• You put an x86-based computer that does not have Physical Address Extension (PAE) enabled into hibernation. However, the computer does not enter hibernation correctly. When you try to resume the computer from hibernation, a black screen is displayed. This issue does not affect x64-based or Itanium-based computers, or computers that have the Data Execution Prevention (DEP) feature enabled.

    • A problem in Windows 7 affects the playback of certain media files in Windows Media Player when Windows Media Player is started from Windows Internet Explorer. Only those users whose media associations were changed incorrectly will be affected by this part of the update.

    • On a computer that is running Windows 7, you use Internet Explorer to open the certificate enrollment Web page and to install an end entity certificate. However, the installation fails. This issue occurs if the certificate chain for the new certificate cannot be built, or if the root certification authority (CA) has not first been installed in the Trusted Roots on the computer.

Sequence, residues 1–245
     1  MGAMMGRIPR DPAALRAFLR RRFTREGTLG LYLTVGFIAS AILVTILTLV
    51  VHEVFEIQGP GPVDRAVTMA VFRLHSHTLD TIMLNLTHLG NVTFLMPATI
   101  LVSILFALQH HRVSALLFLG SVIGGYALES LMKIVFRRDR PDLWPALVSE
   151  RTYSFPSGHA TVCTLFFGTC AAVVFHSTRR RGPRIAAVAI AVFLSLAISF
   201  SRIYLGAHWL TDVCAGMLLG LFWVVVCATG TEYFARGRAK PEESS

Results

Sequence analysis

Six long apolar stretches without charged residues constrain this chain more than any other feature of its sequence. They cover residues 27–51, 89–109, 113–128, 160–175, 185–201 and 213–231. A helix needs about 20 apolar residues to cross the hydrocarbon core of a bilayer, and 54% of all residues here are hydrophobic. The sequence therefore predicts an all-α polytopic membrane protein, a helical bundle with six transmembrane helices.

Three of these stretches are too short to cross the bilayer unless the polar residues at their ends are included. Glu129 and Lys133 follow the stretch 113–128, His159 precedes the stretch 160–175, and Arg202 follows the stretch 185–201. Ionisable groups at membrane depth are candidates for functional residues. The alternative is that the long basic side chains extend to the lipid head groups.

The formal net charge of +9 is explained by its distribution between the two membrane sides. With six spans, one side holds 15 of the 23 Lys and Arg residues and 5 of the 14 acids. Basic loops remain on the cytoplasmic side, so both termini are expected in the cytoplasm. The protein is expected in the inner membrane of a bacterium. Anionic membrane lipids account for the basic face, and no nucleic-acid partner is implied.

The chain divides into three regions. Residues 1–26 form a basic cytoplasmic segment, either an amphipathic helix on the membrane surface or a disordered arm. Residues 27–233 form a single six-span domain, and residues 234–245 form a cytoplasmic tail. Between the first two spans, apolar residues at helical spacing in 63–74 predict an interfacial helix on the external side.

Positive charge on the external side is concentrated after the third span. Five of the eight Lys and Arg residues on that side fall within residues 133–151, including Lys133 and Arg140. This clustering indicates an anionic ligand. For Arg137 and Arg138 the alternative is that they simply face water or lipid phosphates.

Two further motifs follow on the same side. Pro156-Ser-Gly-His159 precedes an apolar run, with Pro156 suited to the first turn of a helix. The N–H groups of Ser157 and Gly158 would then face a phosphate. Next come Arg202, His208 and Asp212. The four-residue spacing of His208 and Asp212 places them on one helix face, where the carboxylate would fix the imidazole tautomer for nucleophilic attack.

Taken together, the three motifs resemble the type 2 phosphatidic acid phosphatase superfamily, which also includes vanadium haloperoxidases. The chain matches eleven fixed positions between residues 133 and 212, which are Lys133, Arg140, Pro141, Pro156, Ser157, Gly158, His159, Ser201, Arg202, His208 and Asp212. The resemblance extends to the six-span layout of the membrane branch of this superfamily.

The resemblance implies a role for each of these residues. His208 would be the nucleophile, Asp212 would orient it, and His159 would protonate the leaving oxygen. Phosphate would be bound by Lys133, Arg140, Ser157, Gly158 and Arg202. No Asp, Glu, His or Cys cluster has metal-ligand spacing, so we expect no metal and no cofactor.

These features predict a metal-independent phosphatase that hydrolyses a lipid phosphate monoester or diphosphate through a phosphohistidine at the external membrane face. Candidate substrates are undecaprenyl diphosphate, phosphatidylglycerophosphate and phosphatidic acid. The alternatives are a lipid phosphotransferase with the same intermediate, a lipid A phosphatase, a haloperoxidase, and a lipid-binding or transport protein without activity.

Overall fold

This week saw the UK have its first ever TechDays event (TechDays deliver content similar to that of TechED, but are free and a lot smaller).  As part of the TechDays week Microsoft asked community leads such as myself and Mark Wilson to organise Microsoft technology “fringe events”, but what topic do we chose for the fringe event and who can we get to present?

    As good fortune would have it, in February of this year whilst attending the MVP summit in Redmond,  I was interviewed by Joey Snow for edge TV;  after the interview concluded, I found out that Joey was going to be in London for the UK TechDay’s events;  I asked Joey to present for the WSUG, as our TechDays fringe event – Joey agreed and once his very efficient assistant (Charlyn) had confirmed his attendance, we were all set.